Mary E. Hatten, a neuroscientist who studies the mechanisms of neuronal differentiation and migration during the early stages of embryonic development, has been awarded the 2017 Ralph W. Gerard Prize in Neuroscience. The $25,000 prize, given annually by the Society for Neuroscience, honors an outstanding scientist who has made significant contributions to neuroscience throughout his or her career.
Hatten is the Frederick P. Rose Professor and head of the Laboratory of Developmental Neurobiology. Her research, which explores how the brain forms in the early stages of embryonic development, has helped to illuminate its complex architecture at the cellular level.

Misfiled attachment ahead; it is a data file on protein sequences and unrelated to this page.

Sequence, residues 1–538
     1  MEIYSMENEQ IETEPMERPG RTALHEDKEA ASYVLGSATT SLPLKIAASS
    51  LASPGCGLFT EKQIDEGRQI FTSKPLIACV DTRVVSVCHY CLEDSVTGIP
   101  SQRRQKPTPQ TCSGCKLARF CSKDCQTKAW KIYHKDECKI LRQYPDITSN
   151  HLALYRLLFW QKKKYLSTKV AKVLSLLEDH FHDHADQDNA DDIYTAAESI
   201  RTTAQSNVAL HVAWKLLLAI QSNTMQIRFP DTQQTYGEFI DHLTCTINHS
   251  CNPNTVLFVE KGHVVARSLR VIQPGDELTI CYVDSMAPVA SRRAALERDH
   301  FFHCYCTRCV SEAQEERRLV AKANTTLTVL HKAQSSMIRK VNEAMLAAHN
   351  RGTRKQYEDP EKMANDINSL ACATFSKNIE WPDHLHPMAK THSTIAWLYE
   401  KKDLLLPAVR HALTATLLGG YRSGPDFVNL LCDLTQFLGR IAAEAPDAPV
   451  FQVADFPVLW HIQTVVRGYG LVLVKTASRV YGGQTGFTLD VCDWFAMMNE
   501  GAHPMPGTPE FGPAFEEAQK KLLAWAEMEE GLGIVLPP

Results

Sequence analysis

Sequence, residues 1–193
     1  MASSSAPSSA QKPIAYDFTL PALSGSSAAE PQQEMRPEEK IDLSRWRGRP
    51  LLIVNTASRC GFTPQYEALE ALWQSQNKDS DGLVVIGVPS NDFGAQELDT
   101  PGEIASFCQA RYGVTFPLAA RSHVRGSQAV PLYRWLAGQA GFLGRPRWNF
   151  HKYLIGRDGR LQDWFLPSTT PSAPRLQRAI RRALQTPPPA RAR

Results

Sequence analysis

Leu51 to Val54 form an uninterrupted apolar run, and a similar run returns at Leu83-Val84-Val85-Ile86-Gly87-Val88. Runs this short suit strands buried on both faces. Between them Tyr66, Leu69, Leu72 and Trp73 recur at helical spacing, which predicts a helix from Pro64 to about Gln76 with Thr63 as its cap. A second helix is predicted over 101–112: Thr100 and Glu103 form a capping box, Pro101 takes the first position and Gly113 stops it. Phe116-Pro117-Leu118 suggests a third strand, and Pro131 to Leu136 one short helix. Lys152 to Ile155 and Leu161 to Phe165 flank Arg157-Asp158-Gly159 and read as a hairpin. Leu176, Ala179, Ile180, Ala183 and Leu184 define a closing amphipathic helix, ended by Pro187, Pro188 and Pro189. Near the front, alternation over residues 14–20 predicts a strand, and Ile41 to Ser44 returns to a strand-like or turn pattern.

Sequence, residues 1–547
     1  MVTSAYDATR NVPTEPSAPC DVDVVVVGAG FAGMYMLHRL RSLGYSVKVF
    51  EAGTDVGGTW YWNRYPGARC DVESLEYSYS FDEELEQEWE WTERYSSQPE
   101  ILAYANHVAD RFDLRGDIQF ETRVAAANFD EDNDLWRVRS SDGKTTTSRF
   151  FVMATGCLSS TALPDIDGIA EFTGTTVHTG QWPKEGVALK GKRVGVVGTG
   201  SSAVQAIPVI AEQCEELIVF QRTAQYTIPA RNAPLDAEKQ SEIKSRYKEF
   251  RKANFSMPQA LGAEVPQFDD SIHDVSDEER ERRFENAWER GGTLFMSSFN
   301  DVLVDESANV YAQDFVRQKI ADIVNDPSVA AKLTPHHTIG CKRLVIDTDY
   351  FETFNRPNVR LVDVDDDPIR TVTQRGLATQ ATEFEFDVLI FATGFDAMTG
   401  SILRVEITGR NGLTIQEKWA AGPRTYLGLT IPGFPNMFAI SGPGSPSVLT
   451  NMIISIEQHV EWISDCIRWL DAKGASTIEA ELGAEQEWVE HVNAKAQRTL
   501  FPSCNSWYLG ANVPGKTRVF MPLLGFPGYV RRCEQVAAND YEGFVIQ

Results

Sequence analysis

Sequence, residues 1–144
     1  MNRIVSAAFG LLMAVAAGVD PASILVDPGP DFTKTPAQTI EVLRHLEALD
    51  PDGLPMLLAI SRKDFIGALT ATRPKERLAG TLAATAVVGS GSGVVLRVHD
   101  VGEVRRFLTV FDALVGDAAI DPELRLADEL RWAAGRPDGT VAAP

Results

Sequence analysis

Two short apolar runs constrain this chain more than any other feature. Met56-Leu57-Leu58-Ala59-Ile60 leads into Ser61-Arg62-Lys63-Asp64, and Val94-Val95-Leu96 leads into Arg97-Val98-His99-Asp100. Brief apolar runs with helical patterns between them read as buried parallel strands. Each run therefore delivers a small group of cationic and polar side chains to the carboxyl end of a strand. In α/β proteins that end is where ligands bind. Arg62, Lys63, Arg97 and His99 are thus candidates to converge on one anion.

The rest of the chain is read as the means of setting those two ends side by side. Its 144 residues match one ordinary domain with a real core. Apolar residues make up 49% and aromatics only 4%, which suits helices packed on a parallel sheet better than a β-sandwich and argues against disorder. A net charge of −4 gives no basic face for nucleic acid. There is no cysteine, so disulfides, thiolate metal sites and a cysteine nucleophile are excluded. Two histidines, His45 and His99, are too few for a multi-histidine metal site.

Hatten’s pioneering work on real-time imaging of central nervous system neuronal migration directly showed that neural migration along radial glial fibers underlies development of the cerebral cortex. Her lab also uses genetic and molecular approaches to understand how genetic mutations may give rise to developmental diseases, such as autism and schizophrenia, and to pediatric brain cancers. In recent work, Hatten and her colleagues described the role of a DNA-packaging protein, chromatin, in forming the cerebellum, the part of the brain that enables learning and the execution of complex movements.
The Gerard Prize is highest honor given by the 38,000-member Society for Neuroscience. Previous Rockefeller recipients include Torsten N. Wiesel in 1993, Paul Greengard in 1994, and Jim Hudspeth in 2003.